If you do not need to replicate a virtual machine, you can stop that replication by removing it.
Take a note of the target datastore and the name of the replication that you are about to stop. You need this information to clean up your environment after you stop the replication.
Verify that you are logged in the vSphere Web Client or vSphere Client as a VRM virtual machine replication user or a VRM administrator user. See vSphere Replication Roles Reference.
- Log in to the vSphere Client or vSphere Web Client.
- On the home page, click Site Recovery and click Open Site Recovery.
- On the Site Recovery home page, select a site pair and click View Details.
- Click the Replications tab and select a replication from Outgoing or Incoming.
- Click the Remove icon.
vSphere Replication asks you if you want to stop permanently the replication for the selected virtual machine.Note: The connection between the vSphere Replication sites must be working to stop a replication on both sites. Alternatively, you can force stop the replication on the local site by selecting Force stop replication. If the remote site is available, you must also use the Site Recovery user interface to force stop the corresponding replication on the remote site. If you force stop an outgoing replication, the replication can still be recovered by using the Site Recovery user interface on the remote site.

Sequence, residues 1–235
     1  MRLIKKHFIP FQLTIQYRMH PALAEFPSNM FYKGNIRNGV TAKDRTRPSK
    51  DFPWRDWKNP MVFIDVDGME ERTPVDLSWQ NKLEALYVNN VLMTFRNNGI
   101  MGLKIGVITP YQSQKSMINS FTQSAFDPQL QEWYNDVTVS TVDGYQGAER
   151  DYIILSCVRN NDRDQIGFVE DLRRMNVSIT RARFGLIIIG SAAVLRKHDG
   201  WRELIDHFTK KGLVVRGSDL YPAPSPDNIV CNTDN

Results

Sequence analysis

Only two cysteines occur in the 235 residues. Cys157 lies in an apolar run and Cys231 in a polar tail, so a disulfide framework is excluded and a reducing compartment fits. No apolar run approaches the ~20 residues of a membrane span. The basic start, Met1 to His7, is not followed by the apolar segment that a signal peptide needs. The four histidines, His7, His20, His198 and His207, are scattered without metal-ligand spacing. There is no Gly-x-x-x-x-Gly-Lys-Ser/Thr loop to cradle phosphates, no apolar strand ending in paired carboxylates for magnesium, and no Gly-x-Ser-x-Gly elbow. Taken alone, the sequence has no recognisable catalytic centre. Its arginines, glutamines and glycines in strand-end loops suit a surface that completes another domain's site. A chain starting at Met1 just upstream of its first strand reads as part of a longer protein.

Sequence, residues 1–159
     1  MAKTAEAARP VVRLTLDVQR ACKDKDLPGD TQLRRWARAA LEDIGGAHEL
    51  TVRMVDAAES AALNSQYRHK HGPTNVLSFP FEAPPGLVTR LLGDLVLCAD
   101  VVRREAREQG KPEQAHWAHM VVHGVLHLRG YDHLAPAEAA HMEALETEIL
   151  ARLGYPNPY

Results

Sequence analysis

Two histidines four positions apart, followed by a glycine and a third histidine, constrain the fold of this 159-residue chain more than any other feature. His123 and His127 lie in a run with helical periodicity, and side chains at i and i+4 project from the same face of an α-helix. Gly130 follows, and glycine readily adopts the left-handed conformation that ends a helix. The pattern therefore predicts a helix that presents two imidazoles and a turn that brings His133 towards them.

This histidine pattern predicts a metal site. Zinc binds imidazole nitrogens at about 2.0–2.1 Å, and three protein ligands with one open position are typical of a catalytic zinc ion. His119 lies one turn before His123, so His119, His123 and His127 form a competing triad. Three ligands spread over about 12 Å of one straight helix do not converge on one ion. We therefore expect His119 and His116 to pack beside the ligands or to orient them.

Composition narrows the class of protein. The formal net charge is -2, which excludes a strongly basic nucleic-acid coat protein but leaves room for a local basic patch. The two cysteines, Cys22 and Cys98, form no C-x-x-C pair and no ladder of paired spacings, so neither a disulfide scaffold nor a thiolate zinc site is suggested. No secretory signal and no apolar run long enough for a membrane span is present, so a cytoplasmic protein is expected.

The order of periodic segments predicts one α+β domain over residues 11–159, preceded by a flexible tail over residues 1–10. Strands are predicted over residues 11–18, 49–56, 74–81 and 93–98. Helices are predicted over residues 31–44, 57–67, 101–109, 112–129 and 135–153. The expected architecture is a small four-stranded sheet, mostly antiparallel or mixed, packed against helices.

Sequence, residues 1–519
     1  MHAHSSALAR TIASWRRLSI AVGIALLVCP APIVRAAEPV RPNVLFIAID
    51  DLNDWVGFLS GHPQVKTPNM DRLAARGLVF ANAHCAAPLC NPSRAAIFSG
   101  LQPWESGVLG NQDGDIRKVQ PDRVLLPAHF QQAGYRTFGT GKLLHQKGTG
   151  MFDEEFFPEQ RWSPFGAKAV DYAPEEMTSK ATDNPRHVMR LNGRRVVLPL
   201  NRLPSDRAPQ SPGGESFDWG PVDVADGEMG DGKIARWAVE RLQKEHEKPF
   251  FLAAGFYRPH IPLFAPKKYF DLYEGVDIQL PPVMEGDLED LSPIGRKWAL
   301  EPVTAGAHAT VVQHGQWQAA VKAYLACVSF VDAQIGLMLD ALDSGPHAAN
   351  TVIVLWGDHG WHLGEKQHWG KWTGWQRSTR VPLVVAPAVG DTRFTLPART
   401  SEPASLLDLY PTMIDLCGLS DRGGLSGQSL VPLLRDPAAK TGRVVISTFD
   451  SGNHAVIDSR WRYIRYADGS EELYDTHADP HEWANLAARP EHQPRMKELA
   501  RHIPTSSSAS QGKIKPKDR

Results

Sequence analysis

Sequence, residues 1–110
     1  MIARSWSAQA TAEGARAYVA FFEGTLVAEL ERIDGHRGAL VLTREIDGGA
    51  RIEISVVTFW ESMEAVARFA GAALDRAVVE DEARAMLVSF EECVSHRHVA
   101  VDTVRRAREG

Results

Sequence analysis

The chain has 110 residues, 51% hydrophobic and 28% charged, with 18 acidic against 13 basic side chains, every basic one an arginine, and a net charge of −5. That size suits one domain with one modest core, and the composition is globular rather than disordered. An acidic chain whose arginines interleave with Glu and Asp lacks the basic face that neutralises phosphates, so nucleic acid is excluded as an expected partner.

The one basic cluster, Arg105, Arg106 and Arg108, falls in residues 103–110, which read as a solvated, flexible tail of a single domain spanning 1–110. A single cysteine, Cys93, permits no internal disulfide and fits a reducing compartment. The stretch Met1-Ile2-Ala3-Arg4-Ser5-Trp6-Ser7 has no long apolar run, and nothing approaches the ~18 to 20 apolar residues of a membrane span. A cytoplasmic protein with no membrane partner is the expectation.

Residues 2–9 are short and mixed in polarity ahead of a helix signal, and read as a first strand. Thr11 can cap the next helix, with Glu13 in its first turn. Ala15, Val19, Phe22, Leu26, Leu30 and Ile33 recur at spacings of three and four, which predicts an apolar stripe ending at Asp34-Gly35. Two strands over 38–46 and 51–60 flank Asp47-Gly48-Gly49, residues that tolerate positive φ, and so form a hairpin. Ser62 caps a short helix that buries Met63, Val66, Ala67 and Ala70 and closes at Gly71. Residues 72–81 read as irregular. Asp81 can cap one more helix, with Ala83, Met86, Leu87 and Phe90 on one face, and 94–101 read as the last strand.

- To confirm that you want to stop replicating this virtual machine, click Remove .
If you want to retain your replica disks, select the Retain replica disks check box.
The virtual machine does not replicate to the target site.
When you stop a replication, the following operations are performed at the replication target site.
- If the VMDK files were created when the replication was first configured, the VMDK files are deleted from the target site datastore.
- If you configured the replication to use existing disks at the target site as seeds, the VMDK files are not deleted and remain on the target datastore.